Joined: 23 Jan 2017
Posts: 40
Has anyone been able to get it to work? I have 2 errors:


1)
test.html:7 Fetch API cannot load file:///home/me123/webasm_fasm_test/test.wasm. URL scheme must be "http" or "https" for CORS request.
(anonymous) @ test.html:7


2)
test.html:7 Uncaught (in promise) TypeError: Failed to fetch
at test.html:7
Post 24 Sep 2017, 12:16
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jorido



Joined: 23 Jan 2017
Posts: 40
And also, where can I get "fasmg"?
Post 24 Sep 2017, 12:18
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Tomasz Grysztar
Assembly Artist


Joined: 16 Jun 2003
Posts: 6518
Location: Kraków, Poland

jorido wrote:
And also, where can I get "fasmg"?

You are right on the website of this assembler, please visit the Download section (the link is also available in the shortcut menu on the bottom of message board page) and look for the "flat assembler g" package.


jorido wrote:
Has anyone been able to get it to work? I have 2 errors: (...)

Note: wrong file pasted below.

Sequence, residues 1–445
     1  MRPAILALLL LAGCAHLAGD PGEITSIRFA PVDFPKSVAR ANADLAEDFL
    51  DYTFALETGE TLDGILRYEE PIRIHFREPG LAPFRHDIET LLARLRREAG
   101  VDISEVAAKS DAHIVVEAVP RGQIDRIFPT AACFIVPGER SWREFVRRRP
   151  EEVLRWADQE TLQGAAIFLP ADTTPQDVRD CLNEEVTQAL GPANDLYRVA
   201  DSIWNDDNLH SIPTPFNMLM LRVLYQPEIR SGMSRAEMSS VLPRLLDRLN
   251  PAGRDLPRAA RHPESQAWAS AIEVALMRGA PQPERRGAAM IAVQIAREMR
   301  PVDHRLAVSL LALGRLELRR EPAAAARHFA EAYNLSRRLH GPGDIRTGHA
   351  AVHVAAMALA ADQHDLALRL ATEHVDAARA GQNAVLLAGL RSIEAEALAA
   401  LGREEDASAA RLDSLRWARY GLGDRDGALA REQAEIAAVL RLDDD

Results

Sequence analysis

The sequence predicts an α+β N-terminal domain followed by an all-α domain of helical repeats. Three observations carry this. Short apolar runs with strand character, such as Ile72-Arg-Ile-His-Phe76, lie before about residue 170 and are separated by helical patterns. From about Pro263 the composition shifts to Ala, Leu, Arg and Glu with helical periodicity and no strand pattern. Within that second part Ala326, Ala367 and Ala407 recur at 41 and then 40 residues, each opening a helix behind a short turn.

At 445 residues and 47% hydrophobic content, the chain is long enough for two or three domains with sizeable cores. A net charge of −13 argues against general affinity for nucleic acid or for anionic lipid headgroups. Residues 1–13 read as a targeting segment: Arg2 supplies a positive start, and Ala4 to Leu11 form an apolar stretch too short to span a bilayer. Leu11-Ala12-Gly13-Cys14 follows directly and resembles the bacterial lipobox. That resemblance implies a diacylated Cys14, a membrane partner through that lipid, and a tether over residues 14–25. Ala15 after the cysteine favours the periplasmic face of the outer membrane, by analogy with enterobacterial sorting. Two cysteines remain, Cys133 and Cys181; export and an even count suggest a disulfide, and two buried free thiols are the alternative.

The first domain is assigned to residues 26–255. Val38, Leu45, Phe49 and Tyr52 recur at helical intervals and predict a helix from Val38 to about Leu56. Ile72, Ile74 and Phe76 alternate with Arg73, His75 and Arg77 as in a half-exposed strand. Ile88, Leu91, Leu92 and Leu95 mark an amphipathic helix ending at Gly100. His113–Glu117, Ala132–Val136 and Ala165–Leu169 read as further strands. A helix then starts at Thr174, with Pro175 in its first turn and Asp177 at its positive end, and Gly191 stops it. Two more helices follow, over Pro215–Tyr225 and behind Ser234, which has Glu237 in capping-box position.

You need to upload the files to a server to get this to work. Also note that the all the output generated by the example goes to JS console.

As for WebAssembly example, the standard has since moved from pre-MVP version numbering to a more official MVP 1.0 release. Because of that, the above example causes this error:

Console wrote:
CompileError: WasmCompile: Wasm decoding failed: expected version 01 00 00 00, found 0d 00 00 00 @+4


So I changed the version number field in the header to 1 and the sample seems to work correctly. I attach the updated example below.

Also, please keep in mind that this was quickly patched-up and I have not implemented the complete instruction set. But writing the instruction macros (placed in the WASMCODE.INC) is a very simple task. And if this generates any attention I may implement more instructions and include this in the official fasmg package.


Description: example for WebAssembly MVP 1.0
Download
Filename: wasm.zip
Filesize: 3.04 KB
Downloaded: 8 Time(s)

Post 24 Sep 2017, 12:59